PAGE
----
Tuesday, February 05, 2008

Head Trauma--Surprising Connections

Last Tuesday's edition of The Wall Street Journal published a frontpage article on the connection between head injuries and various social issues ( "Studies Cite Head Injuries As Factor in Some Social Ills," by Thomas M.Burton, A1, January 29, 2008).

It seems that medical researchers discern a link between a number of social problems and sometimes long-forgotten head trauma. The list of problems that may be connected to earlier head injuries includes mental illnesses, alcoholism, drug abuse, learning disabilities and chronic homelessness.

The U. S. Centers for Disease Control and Prevention estimates that 5.3 million Americans suffer from long-term disabilities that are related to brain injuries. The connection of such social and personal challenges to brain trauma often go unrecognized. Reserachers discovered high incidence of forgotten or unreported head injuries in working with patients dealing with a whole range of behavioral and social problems.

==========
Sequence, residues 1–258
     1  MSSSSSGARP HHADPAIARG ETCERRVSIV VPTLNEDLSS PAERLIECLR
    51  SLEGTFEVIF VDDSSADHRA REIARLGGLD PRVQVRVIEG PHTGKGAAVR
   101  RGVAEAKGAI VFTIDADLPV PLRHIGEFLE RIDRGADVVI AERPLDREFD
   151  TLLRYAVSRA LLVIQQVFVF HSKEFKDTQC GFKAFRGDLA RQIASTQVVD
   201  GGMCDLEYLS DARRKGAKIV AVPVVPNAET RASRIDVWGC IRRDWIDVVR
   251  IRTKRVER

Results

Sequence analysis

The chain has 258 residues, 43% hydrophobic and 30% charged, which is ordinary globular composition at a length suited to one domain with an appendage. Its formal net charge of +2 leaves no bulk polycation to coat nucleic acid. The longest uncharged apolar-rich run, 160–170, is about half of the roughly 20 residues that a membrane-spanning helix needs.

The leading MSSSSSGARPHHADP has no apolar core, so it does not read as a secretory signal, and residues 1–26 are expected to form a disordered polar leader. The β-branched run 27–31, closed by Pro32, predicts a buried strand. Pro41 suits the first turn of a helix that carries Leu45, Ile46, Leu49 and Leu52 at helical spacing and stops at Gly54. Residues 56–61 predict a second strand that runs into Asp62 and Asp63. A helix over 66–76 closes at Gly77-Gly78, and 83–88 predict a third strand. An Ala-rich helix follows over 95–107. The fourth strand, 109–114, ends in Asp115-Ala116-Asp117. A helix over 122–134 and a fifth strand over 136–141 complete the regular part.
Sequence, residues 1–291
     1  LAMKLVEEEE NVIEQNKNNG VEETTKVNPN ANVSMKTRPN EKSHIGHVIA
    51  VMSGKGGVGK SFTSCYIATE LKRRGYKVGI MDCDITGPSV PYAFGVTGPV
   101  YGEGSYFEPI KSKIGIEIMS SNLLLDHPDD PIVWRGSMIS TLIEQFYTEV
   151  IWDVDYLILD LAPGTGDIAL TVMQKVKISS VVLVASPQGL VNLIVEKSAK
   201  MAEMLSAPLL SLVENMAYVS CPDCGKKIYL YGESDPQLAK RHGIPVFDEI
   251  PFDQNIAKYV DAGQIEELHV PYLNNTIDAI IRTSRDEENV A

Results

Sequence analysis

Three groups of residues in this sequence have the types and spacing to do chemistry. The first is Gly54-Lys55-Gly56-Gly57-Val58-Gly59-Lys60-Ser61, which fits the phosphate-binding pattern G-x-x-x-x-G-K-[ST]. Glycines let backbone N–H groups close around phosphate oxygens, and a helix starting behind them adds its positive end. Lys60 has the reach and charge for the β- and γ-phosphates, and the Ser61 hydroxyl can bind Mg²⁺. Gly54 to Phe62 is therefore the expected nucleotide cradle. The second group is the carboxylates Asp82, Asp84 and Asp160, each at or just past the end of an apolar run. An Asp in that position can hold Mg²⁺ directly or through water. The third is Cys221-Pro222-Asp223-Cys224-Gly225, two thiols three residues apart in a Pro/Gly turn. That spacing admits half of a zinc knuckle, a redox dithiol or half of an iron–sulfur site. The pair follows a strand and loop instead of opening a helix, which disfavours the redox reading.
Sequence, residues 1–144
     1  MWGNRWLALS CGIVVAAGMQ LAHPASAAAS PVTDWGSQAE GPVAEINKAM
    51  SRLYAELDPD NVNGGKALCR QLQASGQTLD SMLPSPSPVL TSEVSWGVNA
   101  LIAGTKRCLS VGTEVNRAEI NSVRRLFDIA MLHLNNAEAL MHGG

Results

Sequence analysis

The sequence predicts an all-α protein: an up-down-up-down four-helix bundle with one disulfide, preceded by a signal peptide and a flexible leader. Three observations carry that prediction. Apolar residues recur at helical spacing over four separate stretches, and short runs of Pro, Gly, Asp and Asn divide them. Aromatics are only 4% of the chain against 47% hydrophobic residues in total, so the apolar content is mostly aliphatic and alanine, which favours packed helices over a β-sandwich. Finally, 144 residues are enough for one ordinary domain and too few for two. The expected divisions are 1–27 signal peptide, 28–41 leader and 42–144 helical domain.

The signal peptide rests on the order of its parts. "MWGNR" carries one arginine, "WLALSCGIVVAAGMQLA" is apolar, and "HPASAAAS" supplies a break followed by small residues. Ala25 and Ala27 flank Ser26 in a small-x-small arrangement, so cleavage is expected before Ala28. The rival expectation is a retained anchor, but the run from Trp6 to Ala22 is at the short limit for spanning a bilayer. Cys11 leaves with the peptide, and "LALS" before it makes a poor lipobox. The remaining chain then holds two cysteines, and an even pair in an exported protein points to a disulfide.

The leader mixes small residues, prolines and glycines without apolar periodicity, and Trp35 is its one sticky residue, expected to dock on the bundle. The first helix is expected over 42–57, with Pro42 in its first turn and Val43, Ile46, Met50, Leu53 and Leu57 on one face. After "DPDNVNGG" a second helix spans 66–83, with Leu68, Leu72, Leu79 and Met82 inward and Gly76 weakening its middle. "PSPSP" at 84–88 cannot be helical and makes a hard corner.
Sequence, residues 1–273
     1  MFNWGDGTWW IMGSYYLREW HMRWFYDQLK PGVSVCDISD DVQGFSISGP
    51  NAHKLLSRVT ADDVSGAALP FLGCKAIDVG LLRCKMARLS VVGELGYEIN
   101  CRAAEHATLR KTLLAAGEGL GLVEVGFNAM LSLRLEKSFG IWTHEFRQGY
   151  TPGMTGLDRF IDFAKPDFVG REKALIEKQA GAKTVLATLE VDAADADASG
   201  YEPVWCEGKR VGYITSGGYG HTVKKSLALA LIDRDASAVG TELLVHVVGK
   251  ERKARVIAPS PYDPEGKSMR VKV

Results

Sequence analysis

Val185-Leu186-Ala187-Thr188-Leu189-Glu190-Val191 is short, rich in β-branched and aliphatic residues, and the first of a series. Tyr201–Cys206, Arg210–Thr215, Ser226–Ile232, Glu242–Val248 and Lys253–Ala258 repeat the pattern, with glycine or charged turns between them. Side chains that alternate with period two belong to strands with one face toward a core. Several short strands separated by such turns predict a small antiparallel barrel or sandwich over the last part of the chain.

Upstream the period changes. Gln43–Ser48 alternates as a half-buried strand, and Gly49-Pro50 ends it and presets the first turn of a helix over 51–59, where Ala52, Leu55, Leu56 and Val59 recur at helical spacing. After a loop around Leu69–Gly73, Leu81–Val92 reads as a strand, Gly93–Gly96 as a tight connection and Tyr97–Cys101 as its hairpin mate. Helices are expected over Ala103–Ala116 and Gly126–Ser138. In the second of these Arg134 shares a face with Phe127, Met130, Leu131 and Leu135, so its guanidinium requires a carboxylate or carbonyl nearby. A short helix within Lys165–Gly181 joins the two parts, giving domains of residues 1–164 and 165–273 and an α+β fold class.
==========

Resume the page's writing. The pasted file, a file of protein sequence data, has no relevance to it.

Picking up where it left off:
The source of head traumas include typlical experiences that occur and are forgotten, such as bike and car accidents, sports-related concussions and childhood accidents or abuse.

A research team at the Brain Injury Research Center at Mount Sinai School of Medicine in New York conducted assessments of arouind 100 homeless men in New York City. The study found that 82% of the men reported brain injuries in childhood, primarily due to parental abuse. In an expanded study of public education programs designed for students with learning disabilities, researchers discovered that 50% of the children had suffered some sort of head trauma at some point in their lives.

The story reminded me of two conversations I've had with colleagues, one in Seattle and one here in Dallas.

During a trip to Seattle to study effective models of permanent supportive housing (thanks to the support of the Corporation for Supportive Housing), I learned that all of the residents in a 75-unit housing development designed for some of the most fragile and expensive homeless persons in the city had experienced head trauma.